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The Equivalence Of Evolutionary Games And Distributed Monte Carlo Learning

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  • Sasaki, Yuya
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    Abstract

    This paper presents a tight relationship between evolutionary game theory and distributed intelligence models. After reviewing some existing theories of replicator dynamics and distributed Monte Carlo learning, we make formulations and proofs of the equivalence between these two models. The relationship will be revealed not only from a theoretical viewpoint, but also by experimental simulations of the models by taking a simple symmetric zero-sum game as an example. As a consequence, it will be verified that seemingly chaotic macro dynamics generated by distributed micro-decisions can be explained with theoretical models.

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    File URL: http://purl.umn.edu/28338
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    Bibliographic Info

    Paper provided by Utah State University, Economics Department in its series Economics Research Institute, ERI Series with number 28338.

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    Date of creation: 2004
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    Handle: RePEc:ags:usuese:28338

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    Web page: http://www.econ.usu.edu/
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    Keywords: Research Methods/ Statistical Methods;

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    1. Samuelson, L. & Zhang, J., 1991. "Evolutionary Stability in Asymmetric Games," Papers 9132, Tilburg - Center for Economic Research.
    2. E. Dekel & S. Scotchmer, 2010. "On the Evolution of Optimizing Behavior," Levine's Working Paper Archive 434, David K. Levine.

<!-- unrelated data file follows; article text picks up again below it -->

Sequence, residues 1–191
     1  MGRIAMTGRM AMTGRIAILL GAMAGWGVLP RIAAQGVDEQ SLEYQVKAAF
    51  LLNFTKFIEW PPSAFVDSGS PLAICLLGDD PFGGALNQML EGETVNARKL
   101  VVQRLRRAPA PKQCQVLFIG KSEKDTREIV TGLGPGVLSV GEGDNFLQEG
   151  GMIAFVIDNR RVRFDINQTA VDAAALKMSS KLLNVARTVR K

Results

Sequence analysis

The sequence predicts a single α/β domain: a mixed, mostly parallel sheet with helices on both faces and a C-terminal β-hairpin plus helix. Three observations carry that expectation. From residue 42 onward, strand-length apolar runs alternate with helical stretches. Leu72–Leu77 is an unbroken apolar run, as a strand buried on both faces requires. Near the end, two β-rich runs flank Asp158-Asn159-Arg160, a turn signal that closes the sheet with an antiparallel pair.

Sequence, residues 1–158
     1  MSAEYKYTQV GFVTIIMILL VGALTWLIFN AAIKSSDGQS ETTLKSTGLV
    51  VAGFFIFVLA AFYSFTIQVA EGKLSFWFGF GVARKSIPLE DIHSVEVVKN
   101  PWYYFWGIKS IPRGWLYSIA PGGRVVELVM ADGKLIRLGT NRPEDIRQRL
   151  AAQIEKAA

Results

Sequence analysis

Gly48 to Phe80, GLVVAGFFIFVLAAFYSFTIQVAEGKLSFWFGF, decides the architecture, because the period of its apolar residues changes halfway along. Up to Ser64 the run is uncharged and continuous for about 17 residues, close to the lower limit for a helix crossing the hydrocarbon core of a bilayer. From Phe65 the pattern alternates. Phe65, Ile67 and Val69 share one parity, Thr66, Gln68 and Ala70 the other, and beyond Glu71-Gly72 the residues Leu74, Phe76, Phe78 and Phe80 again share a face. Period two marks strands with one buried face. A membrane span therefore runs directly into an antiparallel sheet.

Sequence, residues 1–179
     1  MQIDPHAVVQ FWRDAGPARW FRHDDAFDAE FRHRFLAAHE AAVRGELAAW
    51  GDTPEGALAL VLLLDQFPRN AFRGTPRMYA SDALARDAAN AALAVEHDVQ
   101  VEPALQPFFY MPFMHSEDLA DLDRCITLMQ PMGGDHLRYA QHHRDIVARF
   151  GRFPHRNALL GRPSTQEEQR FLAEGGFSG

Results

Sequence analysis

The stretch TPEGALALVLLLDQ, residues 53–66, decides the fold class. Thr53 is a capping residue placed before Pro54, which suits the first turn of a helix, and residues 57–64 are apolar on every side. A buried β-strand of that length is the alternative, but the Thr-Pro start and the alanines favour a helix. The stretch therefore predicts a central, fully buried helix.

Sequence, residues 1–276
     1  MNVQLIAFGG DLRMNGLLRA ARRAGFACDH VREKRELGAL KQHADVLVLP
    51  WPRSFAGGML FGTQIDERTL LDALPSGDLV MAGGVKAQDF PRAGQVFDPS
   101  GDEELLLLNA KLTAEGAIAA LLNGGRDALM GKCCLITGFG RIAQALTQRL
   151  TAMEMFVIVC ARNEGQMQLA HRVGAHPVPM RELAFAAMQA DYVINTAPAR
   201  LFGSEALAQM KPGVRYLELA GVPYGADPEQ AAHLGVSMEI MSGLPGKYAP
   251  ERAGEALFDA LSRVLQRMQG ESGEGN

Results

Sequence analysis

3. Giovanni Dosi & Luigi Marengo & Giorgio Fagiolo, 1996. "Learning in evolutionary environment," CEEL Working Papers 9605, Cognitive and Experimental Economics Laboratory, Department of Economics, University of Trento, Italia.
    4. Fudenberg, Drew & Levine, David, 1998. "Learning in games," European Economic Review, Elsevier, vol. 42(3-5), pages 631-639, May.
    5. Holland, John H & Miller, John H, 1991. "Artificial Adaptive Agents in Economic Theory," American Economic Review, American Economic Association, vol. 81(2), pages 365-71, May.
    6. Daniel Friedman, 1998. "On economic applications of evolutionary game theory," Journal of Evolutionary Economics, Springer, vol. 8(1), pages 15-43.
    7. M. Kandori & G. Mailath & R. Rob, 1999. "Learning, Mutation and Long Run Equilibria in Games," Levine's Working Paper Archive 500, David K. Levine.
    8. Leigh Tesfatsion, 2002. "Agent-Based Computational Economics," Computational Economics 0203001, EconWPA, revised 15 Aug 2002.
    9. Antonio Cabrales & Joel Sobel, 2010. "On the Limit Points of Discrete Selection Dynamics," Levine's Working Paper Archive 432, David K. Levine.
    10. Friedman, Daniel, 1991. "Evolutionary Games in Economics," Econometrica, Econometric Society, vol. 59(3), pages 637-66, May.
    11. Jeroen M. Swinkels, 1991. "Adjustment Dynamics and Rational Play in Games," Discussion Papers 1001, Northwestern University, Center for Mathematical Studies in Economics and Management Science.
    12. Samuelson, Larry & Zhang, Jianbo, 1992. "Evolutionary stability in asymmetric games," Journal of Economic Theory, Elsevier, vol. 57(2), pages 363-391, August.
    13. Leigh Tesfatsion, 2000. "Agent-Based Computational Economics: A Brief Guide to the Literature," Computational Economics 0004001, EconWPA.
    14. Arthur, W Brian, 1993. "On Designing Economic Agents That Behave Like Human Agents," Journal of Evolutionary Economics, Springer, vol. 3(1), pages 1-22, February.
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